Kodak Black is apparently still miffed about Megan Thee Stallion never crediting him for the “drive the boat” catchphrase, something he says he coined. Roughly one week after singling the Grammy Award-winning rapper in a Twitter post, the recently freed Yak is back.

On Monday (March 15), the 23-year-old Floridian fired off a series of accusatory tweets, slamming Hot Girl Meg for allegedly stealing his quotes. At the same time, he alluded to possibly taking legal action if the situation isn’t rectified.

“You Know What , Ima Pull Up On Jit Wit Bout 200 Bands Or Sumn Since I Raned Off Wit Da Man Quote Got Rich Off It & Ain’t Mention Em Nan Time,'” he began. “Who Shoulda Said Dat Twitter? I’m Lit I Ain’t Old & Washed Up Somewhere Hating On Young N-ggas I’m Jus Over Here Counting This Money But Still Pointing Dat Shit Out Y’all B On Dick !!!”

Kodak then insinuated he was responsible for Megan’s meteoric rise to success, adding, “Make a whole career off of taking one Lil piece of my shit & I B Coming For My Money.” Before bringing the topic to a close, he also seemed to refer to Megan as a “he,” writing, “Or You Know What Ima Just Let Him Drive My Boat & Call It Even.”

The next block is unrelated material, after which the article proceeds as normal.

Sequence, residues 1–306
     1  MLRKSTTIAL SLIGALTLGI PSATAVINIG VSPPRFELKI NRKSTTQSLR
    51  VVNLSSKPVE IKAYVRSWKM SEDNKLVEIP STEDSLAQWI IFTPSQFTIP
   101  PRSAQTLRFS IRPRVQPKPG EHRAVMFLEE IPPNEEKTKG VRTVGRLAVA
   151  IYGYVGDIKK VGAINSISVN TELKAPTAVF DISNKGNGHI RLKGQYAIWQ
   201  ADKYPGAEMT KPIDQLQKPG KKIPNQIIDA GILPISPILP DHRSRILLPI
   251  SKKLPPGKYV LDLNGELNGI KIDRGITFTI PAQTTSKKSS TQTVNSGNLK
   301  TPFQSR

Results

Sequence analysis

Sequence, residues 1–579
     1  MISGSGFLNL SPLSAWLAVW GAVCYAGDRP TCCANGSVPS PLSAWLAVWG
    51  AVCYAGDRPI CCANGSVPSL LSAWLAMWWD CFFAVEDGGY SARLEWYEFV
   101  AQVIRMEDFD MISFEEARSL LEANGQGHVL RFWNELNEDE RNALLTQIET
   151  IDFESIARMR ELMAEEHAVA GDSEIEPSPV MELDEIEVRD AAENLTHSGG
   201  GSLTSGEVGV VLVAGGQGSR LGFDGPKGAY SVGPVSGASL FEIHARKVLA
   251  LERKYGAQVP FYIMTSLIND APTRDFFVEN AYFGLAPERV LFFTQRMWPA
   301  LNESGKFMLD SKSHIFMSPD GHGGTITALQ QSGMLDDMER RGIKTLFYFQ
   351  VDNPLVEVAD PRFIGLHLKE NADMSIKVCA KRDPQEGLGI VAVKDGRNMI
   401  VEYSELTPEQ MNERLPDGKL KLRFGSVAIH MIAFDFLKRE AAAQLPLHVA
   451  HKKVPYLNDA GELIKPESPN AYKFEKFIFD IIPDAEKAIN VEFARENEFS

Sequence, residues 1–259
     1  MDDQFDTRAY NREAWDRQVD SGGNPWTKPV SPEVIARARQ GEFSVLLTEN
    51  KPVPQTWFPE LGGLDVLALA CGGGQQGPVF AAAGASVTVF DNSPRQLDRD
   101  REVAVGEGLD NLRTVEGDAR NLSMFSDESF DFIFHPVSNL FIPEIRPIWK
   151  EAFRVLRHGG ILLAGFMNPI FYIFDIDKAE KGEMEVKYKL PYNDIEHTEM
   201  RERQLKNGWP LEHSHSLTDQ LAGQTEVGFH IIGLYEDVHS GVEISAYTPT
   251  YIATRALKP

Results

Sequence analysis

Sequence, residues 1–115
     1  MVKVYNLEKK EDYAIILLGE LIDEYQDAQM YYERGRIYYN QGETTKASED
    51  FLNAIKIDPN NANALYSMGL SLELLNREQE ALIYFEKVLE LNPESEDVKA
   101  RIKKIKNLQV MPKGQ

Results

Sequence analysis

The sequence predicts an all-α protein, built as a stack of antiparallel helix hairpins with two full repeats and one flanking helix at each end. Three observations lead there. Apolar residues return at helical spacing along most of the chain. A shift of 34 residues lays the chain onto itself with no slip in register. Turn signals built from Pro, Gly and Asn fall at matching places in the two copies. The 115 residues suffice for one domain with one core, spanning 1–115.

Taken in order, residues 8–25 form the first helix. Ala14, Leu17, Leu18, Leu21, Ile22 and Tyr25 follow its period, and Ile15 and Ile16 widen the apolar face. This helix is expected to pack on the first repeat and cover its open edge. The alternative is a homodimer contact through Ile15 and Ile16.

Kodak’s apparent beef with Megan was reignited earlier this month during a social media back-and-forth with Pooh Shiesty. The Bill Israel rapper claimed he invented spreading money on the ‘Gram as well as saying “Blrrrd” in songs, which Baby and Shiesty have been known to do. He then took credit for first saying “drive the boat,” which Megan frequently repeats in her music.

Kodak Black Calls Out Lil Baby & Pooh Shiesty For Stealing His Style: ‘Stop Playing'

Of course, that wasn’t the first time Kodak has been possessive of the phrase. In March 2020, Megan appeared on an episode of ABC’s daytime talk show, Strahan, Sara and Keke where she was asked who invented the “drive the boat” catchphrase to which Michael Strahan answered, “Megan.” Keke Palmer replied, “Michael, you’re right. It’s about consumption and [Megan’s] the originator of it.” While Megan didn’t take credit as the originator of the phrase, she didn’t deny Palmer’s claims either.

Kodak — who was still in jail at the time — clearly saw the clip and headed to social media to air his grievances, writing, “I really wanna go bad on lil one, but I’m keeping this shit pretty. The viral video of Kodak saying “Let me drive the boat” then surfaced online and appeared to substantiate his claims.


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